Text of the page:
Through genomic analysis, researchers at Emory University School of Medicine have shown that the Ashkenazi Jewish population is genetically more diverse than people of European descent, despite previous assumptions that Ashkenazi Jews have been an isolated population. In addition, analyses of disease-related genes of higher prevalence in the Ashkenazi Jewish population indicate that only a minority of traits show signs of positive selection, suggesting that most have arisen through random genetic drift.
The results are published online this week in the early edition of the Proceedings of the National Academy of Sciences.
Investigators in the laboratory of Stephen Warren, PhD, chairman of human genetics at Emory University School of Medicine, used DNA microarray technology to read variant sites across the entire genomes of 471 Ashkenazi Jews. The work comes from a collaboration between Warren and Ann Pulver, ScD, associate professor of psychiatry and behavioral sciences at Johns Hopkins University School of Medicine, who recruited the participants for a study of schizophrenia genetics.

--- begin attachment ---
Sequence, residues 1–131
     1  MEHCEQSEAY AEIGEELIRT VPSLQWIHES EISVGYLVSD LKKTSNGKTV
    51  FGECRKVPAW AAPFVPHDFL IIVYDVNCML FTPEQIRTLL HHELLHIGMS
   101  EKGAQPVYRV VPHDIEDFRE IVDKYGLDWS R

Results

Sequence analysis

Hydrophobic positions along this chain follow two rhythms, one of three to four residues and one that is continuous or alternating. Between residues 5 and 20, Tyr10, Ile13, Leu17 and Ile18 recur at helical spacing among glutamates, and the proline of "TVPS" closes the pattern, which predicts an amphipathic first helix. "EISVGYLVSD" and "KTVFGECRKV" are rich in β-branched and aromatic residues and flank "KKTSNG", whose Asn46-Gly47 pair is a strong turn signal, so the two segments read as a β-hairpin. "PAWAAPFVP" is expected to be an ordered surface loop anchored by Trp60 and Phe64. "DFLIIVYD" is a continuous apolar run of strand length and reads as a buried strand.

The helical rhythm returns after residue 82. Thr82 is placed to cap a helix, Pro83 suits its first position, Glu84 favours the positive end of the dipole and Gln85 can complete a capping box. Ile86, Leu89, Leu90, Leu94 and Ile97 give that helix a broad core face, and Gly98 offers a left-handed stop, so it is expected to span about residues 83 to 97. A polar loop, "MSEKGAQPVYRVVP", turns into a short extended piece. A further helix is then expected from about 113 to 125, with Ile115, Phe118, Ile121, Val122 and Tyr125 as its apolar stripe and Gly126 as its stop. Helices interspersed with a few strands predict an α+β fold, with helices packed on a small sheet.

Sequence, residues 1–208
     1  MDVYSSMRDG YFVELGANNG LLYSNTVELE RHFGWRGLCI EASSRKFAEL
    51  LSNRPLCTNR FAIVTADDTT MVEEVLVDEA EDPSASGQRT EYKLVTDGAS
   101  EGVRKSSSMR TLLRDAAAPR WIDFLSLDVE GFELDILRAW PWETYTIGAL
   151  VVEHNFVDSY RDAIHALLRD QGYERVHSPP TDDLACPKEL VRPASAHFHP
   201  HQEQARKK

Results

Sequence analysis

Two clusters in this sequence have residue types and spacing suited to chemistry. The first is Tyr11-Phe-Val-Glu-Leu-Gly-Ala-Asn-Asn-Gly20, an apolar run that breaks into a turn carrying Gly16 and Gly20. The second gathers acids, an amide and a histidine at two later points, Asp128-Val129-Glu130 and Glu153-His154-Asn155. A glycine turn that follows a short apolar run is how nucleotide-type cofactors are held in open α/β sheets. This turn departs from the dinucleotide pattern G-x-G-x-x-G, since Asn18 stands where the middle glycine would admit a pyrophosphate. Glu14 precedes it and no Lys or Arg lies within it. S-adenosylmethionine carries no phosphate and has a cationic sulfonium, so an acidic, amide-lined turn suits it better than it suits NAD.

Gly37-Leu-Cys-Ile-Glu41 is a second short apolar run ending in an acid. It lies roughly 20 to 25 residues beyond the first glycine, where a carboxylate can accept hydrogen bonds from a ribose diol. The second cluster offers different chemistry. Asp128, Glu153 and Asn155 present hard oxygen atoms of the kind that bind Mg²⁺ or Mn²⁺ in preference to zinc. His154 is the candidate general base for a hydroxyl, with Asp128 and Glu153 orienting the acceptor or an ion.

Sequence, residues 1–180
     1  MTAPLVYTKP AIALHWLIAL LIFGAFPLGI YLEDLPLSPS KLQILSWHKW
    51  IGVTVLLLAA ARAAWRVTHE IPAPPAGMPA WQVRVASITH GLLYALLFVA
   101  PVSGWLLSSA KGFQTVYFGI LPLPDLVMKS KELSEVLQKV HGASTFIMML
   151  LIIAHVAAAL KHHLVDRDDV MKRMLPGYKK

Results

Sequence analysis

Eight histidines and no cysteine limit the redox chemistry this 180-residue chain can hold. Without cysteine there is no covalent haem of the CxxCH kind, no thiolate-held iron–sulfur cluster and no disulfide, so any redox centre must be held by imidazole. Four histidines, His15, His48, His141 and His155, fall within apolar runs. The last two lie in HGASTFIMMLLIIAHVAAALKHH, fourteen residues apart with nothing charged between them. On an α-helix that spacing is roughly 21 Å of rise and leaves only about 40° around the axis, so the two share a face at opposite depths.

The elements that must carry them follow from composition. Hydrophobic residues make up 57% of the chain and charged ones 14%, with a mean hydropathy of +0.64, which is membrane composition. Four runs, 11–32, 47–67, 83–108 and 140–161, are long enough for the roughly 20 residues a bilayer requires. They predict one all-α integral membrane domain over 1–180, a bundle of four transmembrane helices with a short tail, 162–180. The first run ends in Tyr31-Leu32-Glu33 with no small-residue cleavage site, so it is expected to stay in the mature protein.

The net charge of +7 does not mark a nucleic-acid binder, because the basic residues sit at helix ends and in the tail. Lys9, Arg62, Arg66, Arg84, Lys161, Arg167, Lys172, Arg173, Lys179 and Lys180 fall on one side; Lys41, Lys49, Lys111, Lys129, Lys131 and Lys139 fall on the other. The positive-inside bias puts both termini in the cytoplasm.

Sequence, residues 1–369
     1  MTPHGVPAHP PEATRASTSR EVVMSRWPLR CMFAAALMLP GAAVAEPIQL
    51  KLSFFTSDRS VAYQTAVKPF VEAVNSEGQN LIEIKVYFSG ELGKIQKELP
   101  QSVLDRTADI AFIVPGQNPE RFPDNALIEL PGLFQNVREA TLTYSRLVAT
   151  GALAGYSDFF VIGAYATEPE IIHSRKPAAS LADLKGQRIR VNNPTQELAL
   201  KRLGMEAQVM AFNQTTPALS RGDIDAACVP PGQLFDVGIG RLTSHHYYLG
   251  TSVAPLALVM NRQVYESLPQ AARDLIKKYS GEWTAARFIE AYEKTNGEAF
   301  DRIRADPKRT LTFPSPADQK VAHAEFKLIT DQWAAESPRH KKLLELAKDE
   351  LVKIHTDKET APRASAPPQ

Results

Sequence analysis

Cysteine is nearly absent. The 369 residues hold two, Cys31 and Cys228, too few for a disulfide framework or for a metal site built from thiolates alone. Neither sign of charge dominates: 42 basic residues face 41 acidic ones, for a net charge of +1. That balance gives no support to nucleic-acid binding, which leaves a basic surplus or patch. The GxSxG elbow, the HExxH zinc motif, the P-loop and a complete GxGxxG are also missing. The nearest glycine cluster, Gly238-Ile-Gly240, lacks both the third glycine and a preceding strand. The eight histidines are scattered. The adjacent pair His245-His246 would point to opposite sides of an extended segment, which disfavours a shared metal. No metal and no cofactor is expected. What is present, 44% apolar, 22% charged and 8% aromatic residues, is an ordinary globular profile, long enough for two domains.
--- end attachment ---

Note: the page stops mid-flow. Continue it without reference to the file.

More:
Researchers looked for close to one million single nucleotide polymorphisms (SNPs): common alternative spellings in the genome, analogous to American and British spellings of words such as organize/organise. One measure of genetic diversity in a population is heterozygosity, or how many of the SNPs inherited from the mother and father are different; a more inbred population has less heterozygosity.
"We were surprised to find evidence that Ashkenazi Jews have higher heterozygosity than Europeans, contradicting the widely-held presumption that they have been a largely isolated group," says first author Steven Bray, PhD, a postdoctoral fellow in Warren's laboratory.
The researchers went on to measure linkage disequilibrium, a measure of how "chunky" a population's genomes are. If two individuals from separated groups have children, their
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